Tuesday, January 22, 2013

An Open Letter About Moderation

I try to be relatively strict with my diet.  This means that aside from a few planned family feast days (Christmas, Thanksgiving, etc.) I try to stick to what I consider good, biologically appropriate food.

Every once in a while a family member, co-worker, classmate, or somebody else will offer me something that is not good, biologically appropriate food... candy, or soda, or pizza, or something like that... and I will decline it, provided I am not already in a weakened state.  People get very defensive when somebody rejects their food, for some reason, and if they know I rejected it because it is not a part of my diet, they often give me this response:

"Moderation is key to everything!  Denying yourself things you love just sets you up for failure!"

This is the sort of common-knowledge wisdom that really grinds at me... because it just isn't that simple when you're a food addict.

When you're a food addict, "moderation" is the perfect way to set yourself up for a binge eating mess.  Food addicts have things called "trigger foods," often sugar and wheat, which flip a switch in our brains and turn us into mindless eating machines, often for days at a time in my case.

While you might be able to look at a pizza, say "I'll just have one slice," eat a slice, and then be fine, if I eat a slice of pizza I am going to eat as much of the pizza as I can.  I will eat until I can't move or there is no more pizza left.  I will race people so that I can eat more pizza.  I have tried for years to just eat one slice of pizza.  When that first piece is down, my brain will lose all rational thought, and I'll think things like "Well, I'll just start over tomorrow," or "Another piece won't hurt me," or "Hey, it's a holiday!"  If I do hold out, it will give me "ants in the pants" cravings until I either sleep it off or find some other awful thing to eat.

This is something that has been going on for a long time.  I have very vivid memories of food addiction getting me into trouble... parents scolding me because I took three cookies at a fundraiser instead of the mandated one, being told to sit in the car at Subway because I kept taking more and more of the communal potato chips, and being so stuffed at restaurants that I couldn't move.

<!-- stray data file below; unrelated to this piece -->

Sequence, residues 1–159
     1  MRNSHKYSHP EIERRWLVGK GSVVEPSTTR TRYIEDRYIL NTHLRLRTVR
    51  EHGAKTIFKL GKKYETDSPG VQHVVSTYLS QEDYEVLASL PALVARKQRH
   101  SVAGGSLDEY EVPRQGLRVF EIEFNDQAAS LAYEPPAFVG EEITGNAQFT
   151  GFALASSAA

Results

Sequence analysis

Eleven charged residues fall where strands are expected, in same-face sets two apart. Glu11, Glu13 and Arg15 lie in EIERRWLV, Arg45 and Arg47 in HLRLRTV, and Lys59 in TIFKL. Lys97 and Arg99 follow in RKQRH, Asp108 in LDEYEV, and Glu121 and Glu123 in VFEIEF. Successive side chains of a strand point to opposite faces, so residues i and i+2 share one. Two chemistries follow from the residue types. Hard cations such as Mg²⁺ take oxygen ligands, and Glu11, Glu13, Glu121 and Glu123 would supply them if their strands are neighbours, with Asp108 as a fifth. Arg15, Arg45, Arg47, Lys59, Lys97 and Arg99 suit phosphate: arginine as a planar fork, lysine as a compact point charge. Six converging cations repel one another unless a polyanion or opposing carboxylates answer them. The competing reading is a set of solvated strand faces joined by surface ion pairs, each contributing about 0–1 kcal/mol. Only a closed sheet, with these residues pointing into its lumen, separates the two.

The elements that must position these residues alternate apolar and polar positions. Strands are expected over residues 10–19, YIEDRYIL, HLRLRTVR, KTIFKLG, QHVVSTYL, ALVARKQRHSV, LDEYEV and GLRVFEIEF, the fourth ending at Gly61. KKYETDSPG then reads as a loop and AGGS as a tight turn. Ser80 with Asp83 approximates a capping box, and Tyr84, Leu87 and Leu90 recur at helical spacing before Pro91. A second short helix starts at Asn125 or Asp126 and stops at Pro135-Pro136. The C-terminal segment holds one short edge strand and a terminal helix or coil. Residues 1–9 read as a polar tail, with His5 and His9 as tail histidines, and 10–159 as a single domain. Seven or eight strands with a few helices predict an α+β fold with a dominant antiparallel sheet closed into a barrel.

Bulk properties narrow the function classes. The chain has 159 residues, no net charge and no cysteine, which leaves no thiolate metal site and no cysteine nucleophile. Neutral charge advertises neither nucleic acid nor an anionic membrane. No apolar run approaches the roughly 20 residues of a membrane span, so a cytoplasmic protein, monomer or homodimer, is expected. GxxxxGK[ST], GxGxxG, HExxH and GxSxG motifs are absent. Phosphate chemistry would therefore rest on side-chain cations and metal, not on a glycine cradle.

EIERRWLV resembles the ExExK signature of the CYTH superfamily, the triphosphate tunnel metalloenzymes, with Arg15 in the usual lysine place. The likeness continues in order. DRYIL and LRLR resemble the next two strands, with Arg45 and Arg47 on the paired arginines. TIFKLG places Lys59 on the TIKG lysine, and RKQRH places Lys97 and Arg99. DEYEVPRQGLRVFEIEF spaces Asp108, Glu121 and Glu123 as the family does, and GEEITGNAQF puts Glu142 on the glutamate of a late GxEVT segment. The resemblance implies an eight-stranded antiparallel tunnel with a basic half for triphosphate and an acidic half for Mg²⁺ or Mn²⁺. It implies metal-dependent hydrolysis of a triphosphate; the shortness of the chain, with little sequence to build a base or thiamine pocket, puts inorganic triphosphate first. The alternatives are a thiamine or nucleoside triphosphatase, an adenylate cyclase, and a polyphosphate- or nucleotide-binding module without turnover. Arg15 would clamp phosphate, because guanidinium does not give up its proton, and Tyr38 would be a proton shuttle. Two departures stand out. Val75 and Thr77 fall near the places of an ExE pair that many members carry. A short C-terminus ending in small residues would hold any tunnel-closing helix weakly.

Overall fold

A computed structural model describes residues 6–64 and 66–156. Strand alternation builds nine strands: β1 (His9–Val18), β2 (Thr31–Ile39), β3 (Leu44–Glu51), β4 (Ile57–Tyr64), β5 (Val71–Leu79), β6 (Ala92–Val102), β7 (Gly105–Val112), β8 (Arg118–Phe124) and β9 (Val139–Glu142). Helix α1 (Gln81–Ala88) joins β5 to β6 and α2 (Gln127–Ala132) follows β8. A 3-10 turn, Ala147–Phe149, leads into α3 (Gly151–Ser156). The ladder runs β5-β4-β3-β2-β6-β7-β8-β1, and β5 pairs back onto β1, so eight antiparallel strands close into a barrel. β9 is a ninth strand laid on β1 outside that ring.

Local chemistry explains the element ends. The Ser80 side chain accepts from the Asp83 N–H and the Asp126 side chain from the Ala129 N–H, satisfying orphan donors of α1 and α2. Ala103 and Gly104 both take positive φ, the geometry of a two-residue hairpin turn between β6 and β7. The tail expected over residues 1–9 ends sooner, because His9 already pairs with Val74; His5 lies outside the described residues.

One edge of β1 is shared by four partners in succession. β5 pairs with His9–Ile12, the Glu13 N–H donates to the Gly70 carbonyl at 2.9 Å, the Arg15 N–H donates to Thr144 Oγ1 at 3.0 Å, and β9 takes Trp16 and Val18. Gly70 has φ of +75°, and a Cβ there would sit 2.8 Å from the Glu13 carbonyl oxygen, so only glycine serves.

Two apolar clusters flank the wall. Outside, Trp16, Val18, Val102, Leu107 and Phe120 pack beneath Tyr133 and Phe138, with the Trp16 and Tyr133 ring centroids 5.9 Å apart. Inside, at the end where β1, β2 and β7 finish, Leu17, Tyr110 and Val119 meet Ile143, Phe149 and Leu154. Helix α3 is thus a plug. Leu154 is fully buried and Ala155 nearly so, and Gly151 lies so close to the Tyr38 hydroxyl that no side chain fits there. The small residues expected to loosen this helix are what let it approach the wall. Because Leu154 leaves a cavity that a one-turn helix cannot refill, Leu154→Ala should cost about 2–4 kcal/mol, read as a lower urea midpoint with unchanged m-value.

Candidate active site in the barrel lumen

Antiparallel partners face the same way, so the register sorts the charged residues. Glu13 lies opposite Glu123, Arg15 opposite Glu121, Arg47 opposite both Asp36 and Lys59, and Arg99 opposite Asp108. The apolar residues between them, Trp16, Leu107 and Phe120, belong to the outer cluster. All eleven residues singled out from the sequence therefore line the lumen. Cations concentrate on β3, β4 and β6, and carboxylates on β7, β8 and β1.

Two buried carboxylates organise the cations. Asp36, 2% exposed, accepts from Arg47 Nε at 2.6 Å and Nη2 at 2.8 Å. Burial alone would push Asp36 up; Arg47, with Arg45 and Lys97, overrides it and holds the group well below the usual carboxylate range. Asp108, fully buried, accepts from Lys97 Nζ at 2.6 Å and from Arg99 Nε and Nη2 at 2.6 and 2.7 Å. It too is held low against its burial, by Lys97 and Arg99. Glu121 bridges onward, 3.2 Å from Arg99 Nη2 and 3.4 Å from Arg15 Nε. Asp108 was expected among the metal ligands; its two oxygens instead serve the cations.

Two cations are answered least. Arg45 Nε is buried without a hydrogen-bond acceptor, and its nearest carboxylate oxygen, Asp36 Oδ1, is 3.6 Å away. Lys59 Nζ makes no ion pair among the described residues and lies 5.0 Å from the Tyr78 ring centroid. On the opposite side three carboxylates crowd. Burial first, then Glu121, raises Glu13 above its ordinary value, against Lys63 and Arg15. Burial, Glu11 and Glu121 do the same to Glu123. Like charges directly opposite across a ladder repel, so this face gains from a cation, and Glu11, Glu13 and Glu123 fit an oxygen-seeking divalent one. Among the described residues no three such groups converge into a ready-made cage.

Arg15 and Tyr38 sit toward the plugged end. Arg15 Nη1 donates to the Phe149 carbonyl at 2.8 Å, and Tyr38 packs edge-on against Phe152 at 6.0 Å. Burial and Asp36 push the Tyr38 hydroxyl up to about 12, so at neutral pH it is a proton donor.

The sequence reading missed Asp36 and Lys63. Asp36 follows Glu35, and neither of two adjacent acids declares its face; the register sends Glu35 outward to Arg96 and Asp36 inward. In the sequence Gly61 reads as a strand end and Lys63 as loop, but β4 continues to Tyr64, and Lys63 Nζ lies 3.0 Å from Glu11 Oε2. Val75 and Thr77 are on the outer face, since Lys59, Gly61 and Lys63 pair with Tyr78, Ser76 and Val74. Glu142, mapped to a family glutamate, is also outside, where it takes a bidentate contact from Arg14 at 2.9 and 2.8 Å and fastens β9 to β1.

Being surrounded by food that I am allowed to eat is also a trigger.  I can have food around me that isn't mine, and I do not steal it.  It isn't mine, so I leave it alone.  But as soon as you say "Hey, what's mine is yours, you can eat whatever you want!", it sets off a cause-and-effect reaction, and I will probably eventually eat it, as well as everything else.

And you know what?  When you egg me on, saying things like "always in moderation" or "just one!" you chip away at my willpower until it goes away entirely.   I know that you are trying to be nice.  I know that you are trying to be polite.  I know you think it would be just fantastic if I could taste whatever it is you're making.  And I know you probably have no way of understanding what that psychological switch is like.

So I'll give you an example.  I am not an alcoholic, nor am I addicted to smoking.  I am an ex-smoker... barely.  I smoked for maybe three years... in very strict moderation... before my doctor told me to stop, and I did.  I had no withdrawal symptoms, I had no cravings, and I was just fine.  I also drink alcohol, in strict moderation, having binge drank only about once a year for the past five years (by Wisconsin standards, not even close to binge drinking), and I only drink maybe a beer or a glass of wine or two every couple months.  If I get to the point where I am drunk enough that I recognize my alarm system shutting down or feel uncomfortable... I stop.  I rarely accept free booze from people, and never a free drag on a cigarette.

But I recognize that alcoholism and tobacco addiction are very real things.  I've seen friends and family who could not stop drinking once they started without passing out, or who woke up drinking and went to sleep drinking.  For me to tell them they should have "just one beer" or that "moderation is the key" or that they should totally try this flavor alcoholic beverage, knowing this fact about them, would be insanely rude of me.  Similarly, I know that pressuring somebody to have a cigarette when they are trying to quit smoking can and probably will cause a relapse.

All reasonable people recognize that healing from these addictions requires abstinence... you can't just cut down on drinking, you can't just cut down on smoking.  This is something we realize even if we aren't afflicted with it ourselves.

Similarly, please recognize that the fact that you might be able to consume just a small handful of M&Ms and then stop doesn't mean I can.  And there's a good chance that if I do cave to that pressure, it will take days for me to get back on track.

I am fully aware that this is a problem for me.  I recognize that this causes problems for my health and self-esteem.  But it's not a problem I can solve by just eating less without radically changing what I eat.  The only way for me not to binge eat is to avoid eating things that make me binge eat... pretty much always.

I don't need you to babysit my eating habits.  What I do need is for you to understand that the things Weight Watchers and conventional wisdom about dieting tell you do not work for me, no matter how well they work for you and no matter how many self-righteous diet gurus tell you otherwise.  And when you give me this advice as if it were something nobody could ever argue with, you are undermining everything I know about my body.

So if I tell you to stop offering me food... stop offering me food.  If I reject something, accept that it isn't because you're an awful cook or because I don't appreciate the gesture, it's because I know how my body will react.  This isn't something that I can turn off just because your food is somehow special.